Study: Living in the Suburbs Can Make You Sick
Mon 27 September, 2004 14:45
WASHINGTON (Reuters) - Living in the suburbs may have once been part of the American dream but it can lead to nightmares such as high blood pressure, arthritis and headaches, researchers reported on Monday.

An adult living somewhere like Atlanta, with its spread-out suburbs and car-heavy culture, will have a health profile that looks like that of someone who lives in Seattle -- but who is four years older, the study found.

And the culprit seems to be exercise, or the lack of it, the researchers report in the October issue of the journal Public Health.

"This is the first study that analyzes suburban sprawl and a broad range of chronic health conditions," said Roland Sturm, an economist at the Rand Corp.'s Rand Health unit who helped write the study.

"We know from previous studies that suburban sprawl reduces the time people spend walking and increases the time they spend sitting in cars, and that is associated with higher obesity rates. This probably plays an important role in the health effects we observe."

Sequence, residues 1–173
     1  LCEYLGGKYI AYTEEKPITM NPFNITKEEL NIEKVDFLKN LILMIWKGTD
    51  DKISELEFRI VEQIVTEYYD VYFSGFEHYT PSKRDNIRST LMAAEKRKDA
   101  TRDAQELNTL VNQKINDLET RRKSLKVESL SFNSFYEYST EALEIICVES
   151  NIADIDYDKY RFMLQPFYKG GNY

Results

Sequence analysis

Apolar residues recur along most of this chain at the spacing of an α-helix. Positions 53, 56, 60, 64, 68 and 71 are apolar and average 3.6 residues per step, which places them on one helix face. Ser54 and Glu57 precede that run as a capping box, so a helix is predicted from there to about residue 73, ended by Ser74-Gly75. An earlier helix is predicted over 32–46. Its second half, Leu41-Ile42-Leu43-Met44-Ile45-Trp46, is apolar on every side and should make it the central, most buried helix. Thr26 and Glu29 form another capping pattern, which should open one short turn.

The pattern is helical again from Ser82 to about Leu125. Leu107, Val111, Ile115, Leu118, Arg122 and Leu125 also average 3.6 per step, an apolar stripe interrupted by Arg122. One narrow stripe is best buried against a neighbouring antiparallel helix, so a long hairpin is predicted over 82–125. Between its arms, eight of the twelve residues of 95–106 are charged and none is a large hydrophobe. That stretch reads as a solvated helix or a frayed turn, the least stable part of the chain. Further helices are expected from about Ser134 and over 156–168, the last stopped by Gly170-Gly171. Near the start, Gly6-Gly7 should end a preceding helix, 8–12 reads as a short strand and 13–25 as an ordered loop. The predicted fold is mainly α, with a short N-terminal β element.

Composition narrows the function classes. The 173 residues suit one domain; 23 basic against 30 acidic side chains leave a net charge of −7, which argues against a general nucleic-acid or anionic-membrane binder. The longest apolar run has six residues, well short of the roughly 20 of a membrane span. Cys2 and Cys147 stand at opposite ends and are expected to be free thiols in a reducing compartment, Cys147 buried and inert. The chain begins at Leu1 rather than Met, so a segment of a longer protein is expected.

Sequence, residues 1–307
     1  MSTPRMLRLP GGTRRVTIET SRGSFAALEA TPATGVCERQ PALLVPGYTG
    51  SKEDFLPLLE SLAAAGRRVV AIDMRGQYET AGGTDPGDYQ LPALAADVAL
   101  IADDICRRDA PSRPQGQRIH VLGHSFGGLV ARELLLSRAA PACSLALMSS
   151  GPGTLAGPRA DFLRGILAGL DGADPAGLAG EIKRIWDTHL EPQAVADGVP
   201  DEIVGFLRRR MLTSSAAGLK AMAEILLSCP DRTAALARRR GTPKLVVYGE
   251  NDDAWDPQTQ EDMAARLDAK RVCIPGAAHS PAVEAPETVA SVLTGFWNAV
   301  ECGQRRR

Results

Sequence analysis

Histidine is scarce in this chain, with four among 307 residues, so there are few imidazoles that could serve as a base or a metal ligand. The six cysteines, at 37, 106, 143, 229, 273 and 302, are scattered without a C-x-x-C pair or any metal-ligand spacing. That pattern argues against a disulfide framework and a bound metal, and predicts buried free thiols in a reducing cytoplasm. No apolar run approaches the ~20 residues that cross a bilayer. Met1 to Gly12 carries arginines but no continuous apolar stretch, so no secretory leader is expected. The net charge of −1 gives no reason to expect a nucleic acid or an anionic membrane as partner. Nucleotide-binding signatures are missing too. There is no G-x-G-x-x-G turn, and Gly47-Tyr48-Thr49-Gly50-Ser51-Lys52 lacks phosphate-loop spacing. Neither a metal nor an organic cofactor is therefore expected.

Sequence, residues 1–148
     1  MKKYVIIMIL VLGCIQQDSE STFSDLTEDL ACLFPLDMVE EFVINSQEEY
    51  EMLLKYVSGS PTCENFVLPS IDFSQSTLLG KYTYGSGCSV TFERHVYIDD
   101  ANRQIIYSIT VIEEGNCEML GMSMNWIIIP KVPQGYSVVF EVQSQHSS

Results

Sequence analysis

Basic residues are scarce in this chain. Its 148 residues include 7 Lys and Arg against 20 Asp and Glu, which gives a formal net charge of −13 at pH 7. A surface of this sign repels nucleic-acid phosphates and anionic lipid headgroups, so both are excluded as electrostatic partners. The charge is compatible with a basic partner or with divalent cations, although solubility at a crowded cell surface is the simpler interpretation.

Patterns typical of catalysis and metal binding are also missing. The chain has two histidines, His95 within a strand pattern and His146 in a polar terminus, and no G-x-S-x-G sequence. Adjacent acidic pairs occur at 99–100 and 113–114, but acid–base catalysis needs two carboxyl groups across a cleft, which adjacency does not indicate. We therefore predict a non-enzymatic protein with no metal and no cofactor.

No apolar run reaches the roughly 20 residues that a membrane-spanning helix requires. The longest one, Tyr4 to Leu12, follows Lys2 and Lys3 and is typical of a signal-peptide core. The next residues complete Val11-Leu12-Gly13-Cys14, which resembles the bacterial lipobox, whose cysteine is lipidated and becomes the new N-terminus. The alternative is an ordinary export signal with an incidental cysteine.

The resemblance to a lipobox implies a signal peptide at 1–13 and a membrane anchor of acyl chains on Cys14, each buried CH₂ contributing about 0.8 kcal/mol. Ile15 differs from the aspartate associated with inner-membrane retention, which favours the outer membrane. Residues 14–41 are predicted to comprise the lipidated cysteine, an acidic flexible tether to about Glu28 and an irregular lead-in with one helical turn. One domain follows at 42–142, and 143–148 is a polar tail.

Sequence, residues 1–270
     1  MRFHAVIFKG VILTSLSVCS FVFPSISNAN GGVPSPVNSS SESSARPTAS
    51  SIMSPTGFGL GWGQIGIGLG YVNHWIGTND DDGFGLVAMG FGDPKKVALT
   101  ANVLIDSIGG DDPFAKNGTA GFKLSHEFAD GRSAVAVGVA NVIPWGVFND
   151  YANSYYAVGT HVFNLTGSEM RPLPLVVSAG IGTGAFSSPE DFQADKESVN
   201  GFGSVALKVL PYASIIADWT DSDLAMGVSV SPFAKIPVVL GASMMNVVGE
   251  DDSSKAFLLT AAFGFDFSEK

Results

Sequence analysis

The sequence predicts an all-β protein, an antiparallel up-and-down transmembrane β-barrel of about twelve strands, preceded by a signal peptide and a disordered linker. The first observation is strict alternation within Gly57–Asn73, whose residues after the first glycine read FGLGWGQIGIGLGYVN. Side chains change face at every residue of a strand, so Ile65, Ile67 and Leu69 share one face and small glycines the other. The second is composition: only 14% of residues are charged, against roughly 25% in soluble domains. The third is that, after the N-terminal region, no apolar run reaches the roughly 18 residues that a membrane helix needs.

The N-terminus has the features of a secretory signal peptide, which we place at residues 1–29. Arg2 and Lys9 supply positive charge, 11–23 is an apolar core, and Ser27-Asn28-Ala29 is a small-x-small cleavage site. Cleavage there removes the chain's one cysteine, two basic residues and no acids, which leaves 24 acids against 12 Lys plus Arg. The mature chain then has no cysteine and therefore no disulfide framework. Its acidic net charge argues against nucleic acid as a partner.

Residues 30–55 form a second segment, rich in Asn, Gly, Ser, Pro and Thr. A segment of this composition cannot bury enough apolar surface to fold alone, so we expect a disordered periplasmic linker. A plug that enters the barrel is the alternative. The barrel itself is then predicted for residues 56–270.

The differences between city and suburban people held even when Sturm's team took into account factors such as age, economic status, race and the local environment.

"To improve our health, the study suggests that we should build cities where people feel comfortable walking and are not so dependent on cars," said Deborah Cohen, another Rand researcher.

There was no link between suburban sprawl and mental health. The RAND team found no differences in the rates of depression, anxiety and psychological well-being between people living in downtown areas and those in suburbs.

The Rand team looked at a survey of 8,600 people funded by the Robert Wood Johnson Foundation. These people, living in 38 metropolitan areas across the country, were asked a variety of questions about their health and well-being in 1998 and 2001.

It defined sprawling suburban areas as those with poorly connected streets such as cul-de-sacs, separated areas for schools, housing and shops and a lower population density.

The most extreme examples included the Riverside-San Bernardino region of California, Atlanta and Winston-Salem, North Carolina.

Dense urban areas where people lived close to each other and the schools and shops included New York City, San Francisco and Boston.